Your turn: What drives YOU?

So in my last post I talked about MY dream — to one day meet all the living members of Monty Python, despite the (very Pythonesque) ridiculous impossibility of it ever happening.

It’s not a very big dream, all in all.

No one’s going to die if I don’t do it (Okay… I’ll grant you that if you believe in the butterfly effect and random chains of causality, someone WILL die (unavoidably), but we will never know it’s linked).

There’s no guilt involved here. No money (except my own, if I ever get the chance to fly to meet one or more of these guys.)

But it’s still a dream… And it took a LOT for me to put it out there, put it in the open, heart on my sleeve, and a host of other cliches all circling like carnivorous budgies over a wildebeest.

And even this dream, insignificant compared to sooooo many others, took a lot for me to put out there in the open, to ask for help with, to say, “I can’t ever do this on my own, is there anyone in the whole world that can help?”

So my question is — How about you? What’s your NON-money-or-sex-related dream? What drives YOU?

A Fun Stylistic Analysis of Monty Python, and a Request for Help

If you know me at all, you know I like Monty Python. It would not be far from the truth to say I was raised on a steady diet of Python (and, of course, Doctor Who. But that is off topic — GET BACK IN THE BLOODY BLUE BOX, TIMELORD!! It’s not your post!)

The result is that I have a zany, surreal sense of humor, and I tend to like my humor British. Despite the fact that I have lived most of my life in Texas. You can imagine the complications (the skits write themselves, don’t they?)

So… When I decided that I should write something funny for a change (instead of all this dark stuff I’ve been struggling to sell, as full of irony as it may be (i.e., “Teddy Bears and Tea Parties: A Horror Story”)), funny to me meant Monty Python.

This left me with quite a problem on my hands (and when I say problem, I mean a twenty-foot tall electric penguin with green tentacles shooting out.) So I did what any self-respecting only-child of two college professors WOULD do — I started studying.

I downed the whole Python series again in one go (doing my best to keep an eye on how things worked), and then all of the movies. This of course was not enough. I needed something I could analyze at a much more leisurely rate. Rather than driving my wife mad by rewinding skits and sketching out scripts for them, I dived into the written materials out there… (Pardon me while I elide time for convenience and pacing — if I had the skills, I would insert a Terry Gilliam-style animation, probably about monkeys using books as wings, but at some point turning into monkey-headed cherubic angels all shooting plungers off their harpstrings at each other, while a large, decapitated head of Graham Chapman (he’s dead already, he won’t mind) eats large parts of Parliament in the background. However, I do not have any animation skills whatsoever, so there is no animation, and you’ll just have to deal with it.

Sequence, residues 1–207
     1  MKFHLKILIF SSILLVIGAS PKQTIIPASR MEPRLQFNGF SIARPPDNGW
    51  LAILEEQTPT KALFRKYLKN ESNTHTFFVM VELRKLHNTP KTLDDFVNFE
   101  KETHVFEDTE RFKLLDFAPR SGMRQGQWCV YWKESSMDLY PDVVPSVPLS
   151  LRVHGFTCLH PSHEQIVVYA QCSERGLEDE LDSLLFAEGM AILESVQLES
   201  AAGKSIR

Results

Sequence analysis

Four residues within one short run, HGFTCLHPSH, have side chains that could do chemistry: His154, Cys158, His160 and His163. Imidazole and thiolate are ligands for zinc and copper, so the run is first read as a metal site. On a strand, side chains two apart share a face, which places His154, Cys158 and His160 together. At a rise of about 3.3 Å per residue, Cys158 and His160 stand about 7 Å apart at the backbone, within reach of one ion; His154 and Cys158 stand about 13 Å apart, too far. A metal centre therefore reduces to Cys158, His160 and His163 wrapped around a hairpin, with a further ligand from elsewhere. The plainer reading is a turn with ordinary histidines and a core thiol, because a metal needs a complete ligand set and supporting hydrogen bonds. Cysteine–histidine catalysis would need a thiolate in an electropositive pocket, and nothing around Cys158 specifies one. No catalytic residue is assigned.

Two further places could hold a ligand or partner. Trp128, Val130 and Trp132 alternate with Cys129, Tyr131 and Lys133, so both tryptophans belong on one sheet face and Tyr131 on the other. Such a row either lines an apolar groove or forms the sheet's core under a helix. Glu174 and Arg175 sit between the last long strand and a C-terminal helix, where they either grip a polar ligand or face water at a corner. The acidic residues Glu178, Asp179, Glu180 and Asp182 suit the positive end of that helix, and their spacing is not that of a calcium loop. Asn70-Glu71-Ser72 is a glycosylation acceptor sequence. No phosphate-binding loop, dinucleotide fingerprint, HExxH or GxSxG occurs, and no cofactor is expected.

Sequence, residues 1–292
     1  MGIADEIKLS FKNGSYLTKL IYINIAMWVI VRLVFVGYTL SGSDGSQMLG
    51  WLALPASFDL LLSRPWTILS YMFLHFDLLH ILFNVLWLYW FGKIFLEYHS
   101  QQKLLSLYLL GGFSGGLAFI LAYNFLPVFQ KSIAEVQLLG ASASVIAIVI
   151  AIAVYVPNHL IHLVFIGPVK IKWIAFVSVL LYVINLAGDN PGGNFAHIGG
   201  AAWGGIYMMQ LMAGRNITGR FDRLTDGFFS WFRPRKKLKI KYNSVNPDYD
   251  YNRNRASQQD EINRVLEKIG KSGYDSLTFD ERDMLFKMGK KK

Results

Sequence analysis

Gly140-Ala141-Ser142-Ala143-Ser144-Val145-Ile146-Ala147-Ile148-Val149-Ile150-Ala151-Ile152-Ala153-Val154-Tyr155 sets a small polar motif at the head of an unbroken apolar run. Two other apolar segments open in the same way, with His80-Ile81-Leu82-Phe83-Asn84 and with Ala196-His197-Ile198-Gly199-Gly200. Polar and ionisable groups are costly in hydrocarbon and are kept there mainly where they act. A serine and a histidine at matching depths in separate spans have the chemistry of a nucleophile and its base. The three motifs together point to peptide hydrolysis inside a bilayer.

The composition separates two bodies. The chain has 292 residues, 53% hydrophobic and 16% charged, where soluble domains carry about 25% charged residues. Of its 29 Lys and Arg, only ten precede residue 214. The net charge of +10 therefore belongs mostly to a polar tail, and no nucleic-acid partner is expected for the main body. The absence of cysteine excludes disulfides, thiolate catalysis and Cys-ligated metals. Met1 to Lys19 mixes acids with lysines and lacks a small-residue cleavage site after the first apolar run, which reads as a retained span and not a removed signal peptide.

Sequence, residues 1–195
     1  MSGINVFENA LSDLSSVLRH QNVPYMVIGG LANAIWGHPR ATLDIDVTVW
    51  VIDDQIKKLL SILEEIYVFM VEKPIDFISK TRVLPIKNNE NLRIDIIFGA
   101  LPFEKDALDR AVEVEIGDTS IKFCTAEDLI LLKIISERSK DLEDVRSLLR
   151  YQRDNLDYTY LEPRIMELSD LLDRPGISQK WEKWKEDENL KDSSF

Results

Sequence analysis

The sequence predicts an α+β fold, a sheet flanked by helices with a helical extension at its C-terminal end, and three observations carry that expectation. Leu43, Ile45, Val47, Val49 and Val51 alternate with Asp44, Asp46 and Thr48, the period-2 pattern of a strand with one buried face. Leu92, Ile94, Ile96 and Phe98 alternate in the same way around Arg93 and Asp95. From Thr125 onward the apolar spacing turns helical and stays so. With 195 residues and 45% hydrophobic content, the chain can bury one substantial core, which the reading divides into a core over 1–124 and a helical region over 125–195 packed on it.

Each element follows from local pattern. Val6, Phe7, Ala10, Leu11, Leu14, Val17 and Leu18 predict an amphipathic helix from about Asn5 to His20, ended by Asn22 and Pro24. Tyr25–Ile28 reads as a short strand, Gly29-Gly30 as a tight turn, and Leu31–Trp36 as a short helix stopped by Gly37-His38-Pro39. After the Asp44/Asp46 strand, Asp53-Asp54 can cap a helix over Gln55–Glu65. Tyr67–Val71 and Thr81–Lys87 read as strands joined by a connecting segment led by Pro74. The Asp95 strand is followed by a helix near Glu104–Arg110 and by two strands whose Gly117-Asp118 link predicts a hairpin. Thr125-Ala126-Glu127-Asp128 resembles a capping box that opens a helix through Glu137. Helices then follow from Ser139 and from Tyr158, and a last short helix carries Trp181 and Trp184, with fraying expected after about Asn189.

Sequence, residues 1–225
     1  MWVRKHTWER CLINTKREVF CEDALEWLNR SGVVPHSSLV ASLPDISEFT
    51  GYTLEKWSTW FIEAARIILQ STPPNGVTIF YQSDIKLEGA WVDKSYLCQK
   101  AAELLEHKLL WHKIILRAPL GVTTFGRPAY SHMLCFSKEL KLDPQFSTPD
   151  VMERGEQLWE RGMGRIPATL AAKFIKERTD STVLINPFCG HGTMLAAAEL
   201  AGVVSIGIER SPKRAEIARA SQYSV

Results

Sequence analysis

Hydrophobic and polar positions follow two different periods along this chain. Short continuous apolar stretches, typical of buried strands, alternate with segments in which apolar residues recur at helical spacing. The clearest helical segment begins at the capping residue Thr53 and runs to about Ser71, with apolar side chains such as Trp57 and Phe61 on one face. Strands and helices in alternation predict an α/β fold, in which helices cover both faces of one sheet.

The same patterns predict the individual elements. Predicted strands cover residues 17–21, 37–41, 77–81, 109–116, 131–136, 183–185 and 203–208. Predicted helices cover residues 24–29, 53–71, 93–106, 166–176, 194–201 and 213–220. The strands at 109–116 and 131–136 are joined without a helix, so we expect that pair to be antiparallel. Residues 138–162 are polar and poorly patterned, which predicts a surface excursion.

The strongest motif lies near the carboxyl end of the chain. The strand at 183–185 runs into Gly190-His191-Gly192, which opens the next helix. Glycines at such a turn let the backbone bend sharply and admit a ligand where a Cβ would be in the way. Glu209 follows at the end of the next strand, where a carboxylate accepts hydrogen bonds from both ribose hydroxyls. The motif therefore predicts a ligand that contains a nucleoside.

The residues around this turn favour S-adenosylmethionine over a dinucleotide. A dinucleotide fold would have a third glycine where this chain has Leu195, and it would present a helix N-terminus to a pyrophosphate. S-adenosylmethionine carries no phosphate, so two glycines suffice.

Ahem… I seem to be rambling. Let’s hope I keep it up, it’s a downsight more interesting that me actually saying anything.

Python then kicked me to the “Goon Show”, and the “Goon Show” to “Firesign Theater”, and then back to Python (Graham Chapman’s “Liar’s Autobiography”) who — with a sharp pass to Westminster Cathedral — sent me spinning under the feet of “At Last It’s the 1948” show, then to Kingsley Amis who gets the ball stolen from him by Cyril Connolly and book on Pythons and Philosophy — who shoots — and SCORES! GOOOAAAAL! And all the books and TV and radio series are all hugging each other now, in this, the first FIFA finals in untaming one man’s sense of humor.

It’s been quite an adventure so far, and I guess I will see if it pays off with the new novel, but the new novel is not what this post is about.

It’s about something I didn’t expect to find. Way down deep in the dank, cavernous mazes of Michael Palin’s Diaries (somewhere between the plastic skeletons chained to the wall and the fake rats squeaking and trying to nibble my toes off with their little rubber teeth) — and simultaneously in Graham Chapman’s “Liar’s Autobiography” — and simultaneously-again in “Monty Python Speaks” and again-again in the audio-commentary for the Monty Python Autobiography, I stumbled into a strange sort of perspective:

Success rarely happens in a day. It’s random. It is, in a way, luck.